By investigating health risks associated with bathing waters, scientists are contributing to future reviews and revision of the EU's Bathing Water Directive.
Europe's bathing water has come a long way in the last few decades. Especially since the EU Bathing Water Directive in 1976, countries have worked to eliminate sewage contamination in the waters we swim or paddle in. David Kay, water quality expert and head of the Centre for Research into Environment and Health at Aberystwyth University in Wales, UK, has studied the disease causing organisms in European waters since the 1970s. More recently, he also helped to quantify their health effects on people. Here, he tells youris.com about progress in bathing water qualities over the past four decades.
What kind of harmful diseases can lurk in our bathing waters?
You can get some fairly common, but minor ailments like gastroenteritis and winter vomiting bug [also known as norovirus]. These virus infections are generally not life threatening. But they could have economic significance and be an uncomfortable experience for holidaymakers. There are quite high attack rates caused by bathing in water polluted by sewage.
What has been the impact of the Epibathe research project in Europe?
We performed the first clinical trial focused on assessing the quality of bathing waters in Europe. A repeat of this approach in the EU funded Epibathe project, completed in 2008, confirmed the position of the first WHO guidelines for recreational water, published in 2003. The latter were included in the 2006 EU Bathing Water Directive.
The original Bathing Water Directive in 1976 was the first environmental directive in Europe and the aim was simple: to protect public health. But there was no basic epidemiology to underpin this directive with solid evidence. The project was about filling in the gaps with epidemiological evidence on a wider range of EU waters such as Mediterranean and river bathing waters in Hungary. It compared volunteer bathers and non-bathers in a randomised controlled trial, the gold standard for scientific trials.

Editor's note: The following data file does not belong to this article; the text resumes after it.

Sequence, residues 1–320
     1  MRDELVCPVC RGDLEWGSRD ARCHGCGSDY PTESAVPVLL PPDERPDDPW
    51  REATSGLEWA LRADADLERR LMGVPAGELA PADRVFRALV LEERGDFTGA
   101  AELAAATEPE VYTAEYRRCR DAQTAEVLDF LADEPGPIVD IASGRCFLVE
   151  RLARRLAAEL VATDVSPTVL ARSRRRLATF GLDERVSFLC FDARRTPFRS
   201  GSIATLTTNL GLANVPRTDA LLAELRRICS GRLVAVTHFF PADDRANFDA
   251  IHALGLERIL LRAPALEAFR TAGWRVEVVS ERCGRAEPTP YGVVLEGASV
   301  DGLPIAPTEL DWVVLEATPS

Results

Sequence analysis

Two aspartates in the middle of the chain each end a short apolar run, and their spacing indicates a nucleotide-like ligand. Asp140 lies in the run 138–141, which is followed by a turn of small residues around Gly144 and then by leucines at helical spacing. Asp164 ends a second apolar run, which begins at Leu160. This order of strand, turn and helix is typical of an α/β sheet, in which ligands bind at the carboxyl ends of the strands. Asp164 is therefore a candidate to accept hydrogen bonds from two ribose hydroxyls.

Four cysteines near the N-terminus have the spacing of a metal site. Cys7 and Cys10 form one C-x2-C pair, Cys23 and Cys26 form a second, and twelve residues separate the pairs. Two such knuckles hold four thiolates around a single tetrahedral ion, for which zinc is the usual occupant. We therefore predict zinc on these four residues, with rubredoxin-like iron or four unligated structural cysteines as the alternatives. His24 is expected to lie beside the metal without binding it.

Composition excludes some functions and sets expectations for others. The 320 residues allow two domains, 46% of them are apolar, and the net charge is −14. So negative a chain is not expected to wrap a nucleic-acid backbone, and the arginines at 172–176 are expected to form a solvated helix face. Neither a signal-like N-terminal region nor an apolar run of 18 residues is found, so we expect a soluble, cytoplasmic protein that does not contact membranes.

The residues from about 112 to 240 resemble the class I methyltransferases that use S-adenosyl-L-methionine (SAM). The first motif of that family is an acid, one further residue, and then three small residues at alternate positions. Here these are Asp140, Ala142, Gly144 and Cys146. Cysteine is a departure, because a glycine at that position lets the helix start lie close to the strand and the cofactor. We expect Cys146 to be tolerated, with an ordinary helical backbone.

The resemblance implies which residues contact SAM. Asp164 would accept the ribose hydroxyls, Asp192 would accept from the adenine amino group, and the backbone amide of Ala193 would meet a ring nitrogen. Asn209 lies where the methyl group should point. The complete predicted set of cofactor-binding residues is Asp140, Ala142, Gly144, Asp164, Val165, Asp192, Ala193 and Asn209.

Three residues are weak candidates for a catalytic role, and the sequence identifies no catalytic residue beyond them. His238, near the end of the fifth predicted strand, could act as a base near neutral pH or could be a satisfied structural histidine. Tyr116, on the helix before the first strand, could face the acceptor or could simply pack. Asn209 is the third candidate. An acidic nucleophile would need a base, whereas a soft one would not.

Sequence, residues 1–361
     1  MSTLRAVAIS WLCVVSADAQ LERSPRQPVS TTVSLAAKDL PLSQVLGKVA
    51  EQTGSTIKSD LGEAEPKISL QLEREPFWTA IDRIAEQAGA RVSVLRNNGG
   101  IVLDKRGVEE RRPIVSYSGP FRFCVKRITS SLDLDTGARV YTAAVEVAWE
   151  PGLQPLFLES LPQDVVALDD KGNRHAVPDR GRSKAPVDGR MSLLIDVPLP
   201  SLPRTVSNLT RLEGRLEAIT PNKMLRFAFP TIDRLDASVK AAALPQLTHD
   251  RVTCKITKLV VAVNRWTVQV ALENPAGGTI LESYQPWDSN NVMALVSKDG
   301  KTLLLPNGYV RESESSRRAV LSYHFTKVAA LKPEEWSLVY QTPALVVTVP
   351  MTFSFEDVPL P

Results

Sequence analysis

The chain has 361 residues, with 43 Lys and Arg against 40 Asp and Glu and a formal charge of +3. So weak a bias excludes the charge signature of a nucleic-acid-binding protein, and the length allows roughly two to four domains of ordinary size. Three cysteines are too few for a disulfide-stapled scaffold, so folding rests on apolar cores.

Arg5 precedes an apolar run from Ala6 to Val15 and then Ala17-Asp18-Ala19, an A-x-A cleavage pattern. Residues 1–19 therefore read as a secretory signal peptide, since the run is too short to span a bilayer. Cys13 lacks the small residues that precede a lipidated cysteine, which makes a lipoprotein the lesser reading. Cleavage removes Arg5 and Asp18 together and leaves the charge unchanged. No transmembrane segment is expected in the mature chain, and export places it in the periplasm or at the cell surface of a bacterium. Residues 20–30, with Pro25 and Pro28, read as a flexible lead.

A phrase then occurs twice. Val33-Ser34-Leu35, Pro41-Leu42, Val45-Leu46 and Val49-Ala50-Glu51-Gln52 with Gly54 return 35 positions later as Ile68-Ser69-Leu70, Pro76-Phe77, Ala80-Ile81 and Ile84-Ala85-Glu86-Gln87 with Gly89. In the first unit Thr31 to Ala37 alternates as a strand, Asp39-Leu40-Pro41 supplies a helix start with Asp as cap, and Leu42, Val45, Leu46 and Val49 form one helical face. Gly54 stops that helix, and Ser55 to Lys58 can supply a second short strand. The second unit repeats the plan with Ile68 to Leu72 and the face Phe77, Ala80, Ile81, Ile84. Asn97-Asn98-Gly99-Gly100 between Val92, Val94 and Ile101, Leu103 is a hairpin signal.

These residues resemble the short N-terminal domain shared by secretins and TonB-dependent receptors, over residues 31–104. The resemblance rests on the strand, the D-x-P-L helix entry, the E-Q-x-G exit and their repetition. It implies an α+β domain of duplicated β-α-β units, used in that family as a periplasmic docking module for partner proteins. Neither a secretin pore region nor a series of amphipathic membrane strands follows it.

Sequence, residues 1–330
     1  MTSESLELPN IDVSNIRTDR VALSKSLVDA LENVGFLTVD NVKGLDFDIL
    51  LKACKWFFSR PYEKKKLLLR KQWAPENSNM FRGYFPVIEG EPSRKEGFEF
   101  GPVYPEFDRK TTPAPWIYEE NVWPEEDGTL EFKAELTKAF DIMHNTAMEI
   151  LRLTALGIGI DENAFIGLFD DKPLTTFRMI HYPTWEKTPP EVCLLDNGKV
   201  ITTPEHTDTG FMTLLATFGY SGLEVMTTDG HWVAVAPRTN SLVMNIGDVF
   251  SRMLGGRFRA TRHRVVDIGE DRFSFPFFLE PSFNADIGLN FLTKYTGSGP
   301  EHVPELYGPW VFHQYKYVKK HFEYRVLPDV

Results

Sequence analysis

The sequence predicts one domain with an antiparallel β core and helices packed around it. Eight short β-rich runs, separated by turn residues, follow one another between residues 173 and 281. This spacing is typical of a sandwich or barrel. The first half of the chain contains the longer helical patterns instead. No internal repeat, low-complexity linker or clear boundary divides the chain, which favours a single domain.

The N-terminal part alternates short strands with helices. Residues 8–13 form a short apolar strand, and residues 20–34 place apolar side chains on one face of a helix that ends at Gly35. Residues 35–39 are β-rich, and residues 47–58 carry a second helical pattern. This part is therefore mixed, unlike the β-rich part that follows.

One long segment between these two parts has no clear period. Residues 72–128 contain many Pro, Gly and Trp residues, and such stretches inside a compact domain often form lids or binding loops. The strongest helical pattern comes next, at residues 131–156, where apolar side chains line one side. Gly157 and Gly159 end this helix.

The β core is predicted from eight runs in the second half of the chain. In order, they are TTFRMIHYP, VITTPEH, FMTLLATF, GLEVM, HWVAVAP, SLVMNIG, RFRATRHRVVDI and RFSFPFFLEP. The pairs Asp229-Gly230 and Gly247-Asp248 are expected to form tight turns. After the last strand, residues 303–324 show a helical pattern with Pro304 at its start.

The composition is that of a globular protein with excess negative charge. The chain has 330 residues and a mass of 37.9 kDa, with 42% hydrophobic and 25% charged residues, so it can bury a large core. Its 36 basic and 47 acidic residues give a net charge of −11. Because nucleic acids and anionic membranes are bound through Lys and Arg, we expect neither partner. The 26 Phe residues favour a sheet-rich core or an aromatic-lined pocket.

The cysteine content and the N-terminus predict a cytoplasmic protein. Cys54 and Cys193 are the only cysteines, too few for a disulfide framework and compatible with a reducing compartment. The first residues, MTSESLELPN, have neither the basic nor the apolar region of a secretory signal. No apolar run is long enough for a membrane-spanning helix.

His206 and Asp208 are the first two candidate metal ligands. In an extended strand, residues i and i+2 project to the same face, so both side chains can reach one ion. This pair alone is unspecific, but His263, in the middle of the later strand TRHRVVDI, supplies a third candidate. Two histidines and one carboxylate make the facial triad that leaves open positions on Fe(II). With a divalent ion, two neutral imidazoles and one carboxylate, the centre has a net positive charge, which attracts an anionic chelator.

Has bathing water quality improved over the last decade or more?
There has been a dramatic improvement. When bathing water directive first came in 1976, the most common disposal practice was to dump sewage into the sea untreated. Even if you disposed of it far from shore, it could come back to bathing waters. The first directive started the cleanup process, even though it did not have a good evidence base in terms of the science. Since then billions of euro have been spent on sewage treatment facilities and more beaches are passing directive standards.
A 2012 Bathing Water Report said 94% complied with minimum standards. What does this mean?
We are still applying 1976 bathing water directive standards. A beach can pass what's called the imperative level, which is the minimum standard. But there is also a guide value, which is the recommended standard. Our work within the Epibathe project has shown that there is a significant health risk at the imperative standard, but you dramatically reduce risk once you go to the guide standard.